The Negative Rating Watch is maintained.
Limited tax general obligation bonds issued by the county carry the county's general obligation ad valorem tax pledge, subject to applicable charter, statutory and constitutional limitations.
Stadium authority and building authority bonds are secured by lease payments from the county to the respective authority. The obligation to make the rental payments is not subject to appropriation, setoff or abatement for any cause, and carries the county's limited tax general obligation pledge.
KEY RATING DRIVERS
RAPID FINANCIAL DETERIORATION: The speculative grade ratings stem from the county's considerably narrowed liquidity position, the deepening of the general fund accumulated deficit and Fitch's concern regarding the limited options for elimination of the negative position.
NEAR-TERM LIQUIDITY CHALLENGES; MARKET ACCESS UNCERTAINTY: The Negative Watch reflects the county's highly illiquid general fund, dependent upon both inter-fund and external short-term borrowing for cash flow. The county anticipates issuing
STRESSED ECONOMY SLOW TO RECOVER: The weak local area economy is reflected in elevated unemployment rates, population loss, and below-average income levels. The tax base suffered significant declines during the last recession but the rate of decline has recently slowed.
REVENUE INFLEXIBILITY LIMITS OPTIONS: Steep tax base declines over the course of the recession caused property tax receipts to plummet 25% between fiscals 2008 and 2013. Strict tax rate limits and statutorily imposed controls on growth in assessments will constrain revenue recovery even as housing values increase.
LIMITED EXPENDITURE FLEXIBILITY: Deep across-the-board spending cuts have not been sufficient to restore structural balance. Carrying costs for debt, pension and other post-employment benefits (OPEB) are currently moderate but expected to rise sharply in the near term, further pressuring operations.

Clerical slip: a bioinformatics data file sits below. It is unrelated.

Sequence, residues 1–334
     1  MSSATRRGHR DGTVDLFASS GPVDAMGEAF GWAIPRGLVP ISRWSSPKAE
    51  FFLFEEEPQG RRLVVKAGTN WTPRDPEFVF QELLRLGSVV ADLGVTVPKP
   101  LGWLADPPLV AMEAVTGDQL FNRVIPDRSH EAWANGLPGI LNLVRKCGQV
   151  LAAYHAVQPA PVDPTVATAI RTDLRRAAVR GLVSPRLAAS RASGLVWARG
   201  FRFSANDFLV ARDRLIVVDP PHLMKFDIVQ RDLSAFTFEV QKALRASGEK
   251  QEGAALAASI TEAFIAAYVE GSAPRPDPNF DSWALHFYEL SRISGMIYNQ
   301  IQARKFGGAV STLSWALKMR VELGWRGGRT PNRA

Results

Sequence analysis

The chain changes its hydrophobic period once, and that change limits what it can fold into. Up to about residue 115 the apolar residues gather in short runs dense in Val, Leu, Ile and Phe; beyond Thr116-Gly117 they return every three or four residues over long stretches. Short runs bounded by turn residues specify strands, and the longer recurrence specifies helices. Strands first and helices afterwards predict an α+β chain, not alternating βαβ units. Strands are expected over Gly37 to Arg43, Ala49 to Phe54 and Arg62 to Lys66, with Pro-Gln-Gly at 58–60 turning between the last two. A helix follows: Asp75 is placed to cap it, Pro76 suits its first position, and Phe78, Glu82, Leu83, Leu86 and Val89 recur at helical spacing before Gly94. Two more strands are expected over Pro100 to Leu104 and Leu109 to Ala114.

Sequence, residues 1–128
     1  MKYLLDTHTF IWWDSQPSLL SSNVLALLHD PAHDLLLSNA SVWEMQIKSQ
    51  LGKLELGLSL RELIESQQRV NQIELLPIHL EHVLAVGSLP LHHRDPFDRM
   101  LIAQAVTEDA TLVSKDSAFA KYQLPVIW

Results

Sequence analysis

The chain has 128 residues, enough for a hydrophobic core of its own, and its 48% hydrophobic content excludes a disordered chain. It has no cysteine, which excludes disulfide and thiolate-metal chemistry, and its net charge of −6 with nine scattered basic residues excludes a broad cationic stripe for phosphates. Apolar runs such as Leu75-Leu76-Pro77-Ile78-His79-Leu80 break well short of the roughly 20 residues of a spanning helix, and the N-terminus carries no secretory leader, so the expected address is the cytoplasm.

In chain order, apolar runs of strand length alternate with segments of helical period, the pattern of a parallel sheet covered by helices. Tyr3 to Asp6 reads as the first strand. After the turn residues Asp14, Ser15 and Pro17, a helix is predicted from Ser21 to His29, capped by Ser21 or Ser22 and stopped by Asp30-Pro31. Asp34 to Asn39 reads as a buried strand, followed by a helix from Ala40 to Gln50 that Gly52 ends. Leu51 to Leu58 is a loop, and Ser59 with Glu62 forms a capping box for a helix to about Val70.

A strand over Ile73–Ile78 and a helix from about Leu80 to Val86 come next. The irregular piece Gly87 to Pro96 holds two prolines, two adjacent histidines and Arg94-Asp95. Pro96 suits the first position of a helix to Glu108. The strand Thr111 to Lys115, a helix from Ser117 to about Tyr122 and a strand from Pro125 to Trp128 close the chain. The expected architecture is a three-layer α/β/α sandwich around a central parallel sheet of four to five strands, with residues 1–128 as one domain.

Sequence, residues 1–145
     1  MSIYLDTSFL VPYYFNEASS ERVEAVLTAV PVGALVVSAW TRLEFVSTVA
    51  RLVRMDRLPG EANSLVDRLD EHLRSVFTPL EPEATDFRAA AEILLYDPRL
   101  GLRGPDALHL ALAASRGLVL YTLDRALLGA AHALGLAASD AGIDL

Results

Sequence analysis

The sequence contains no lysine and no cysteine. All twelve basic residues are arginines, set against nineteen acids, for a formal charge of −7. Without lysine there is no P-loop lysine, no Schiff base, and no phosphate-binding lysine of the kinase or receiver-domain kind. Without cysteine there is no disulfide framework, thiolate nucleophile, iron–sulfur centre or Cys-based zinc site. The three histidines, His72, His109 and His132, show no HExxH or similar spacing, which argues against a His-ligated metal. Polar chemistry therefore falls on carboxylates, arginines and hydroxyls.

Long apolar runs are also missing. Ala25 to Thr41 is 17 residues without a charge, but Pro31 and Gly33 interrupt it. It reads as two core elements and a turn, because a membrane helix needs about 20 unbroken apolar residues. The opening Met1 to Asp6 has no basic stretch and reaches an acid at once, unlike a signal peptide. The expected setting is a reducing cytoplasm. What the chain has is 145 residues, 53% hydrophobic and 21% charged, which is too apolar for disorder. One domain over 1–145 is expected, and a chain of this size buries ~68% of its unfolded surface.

INABILITY TO ACCESS MARKET FOR CASH FLOW: Inability to access the market in an economically feasible manner for cash flow borrowing would severely constrain the county's liquidity position and would trigger a downgrade.
FURTHER DETERIORATION OF LIQUIDITY: Deterioration of the county's already precarious liquidity position would likely result in a downgrade.
FAILURE TO REDUCE DEFICIT: Fitch believes the county remains severely challenged to stem the decline in its financial position and show material improvement in the near term. Lack of significant progress toward accumulated deficit reduction within the current fiscal year, as evidenced by improvement in its liquidity position and unrestricted general fund balance/deficit, would place negative pressure on the rating.
NEAR-TERM LIQUIDITY PRESSURE
Stressed financial operations have led to sharp declines in liquidity. The county relies upon a pooled cash model, supplemented by external cash flow borrowing to meet its day-to-day cash flow needs. Cash flow projections show these measures will not be sufficient to provide adequate liquidity going forward, leading to higher projected amounts of external borrowing.
Careful management of pooled cash resources allowed a delay in the expected December TAN issuance. The county now expects to issue
The expected transfer of the county's
LARGE FUND-DEFICIT POSITIONS
The county's efforts to reduce its sizeable deficit fund balance positions are hindered by persistent economic pressure and a limited revenue environment. The large -
The general fund recorded a
The county's somewhat dated deficit elimination plan was filed with the state several years ago and has not yet been approved. The county is in the process of developing a new deficit elimination plan later this fiscal year which would rely on different revenue sources.
Audited fiscal 2013 results are not yet available, delayed just one month to the end of February, which Fitch still considers timely following the
The fiscal 2014 budget features a slight increase in spending and forecasts balanced operations, including a
CONSTRAINED REVENUE-RAISING ABILITY
The county's inflexible revenue structure exacerbates the budget effects of its considerable expenditure pressures. Assessed valuation declines caused the general fund annual property tax revenues to decline sharply from
The county is levying at its maximum millage as limited by the Headlee Amendment, and taxable values continue to drop. Statutory restrictions on growth in the levy and in assessments will constrain future revenue growth, severely limiting the ability of the county to benefit should housing values recover.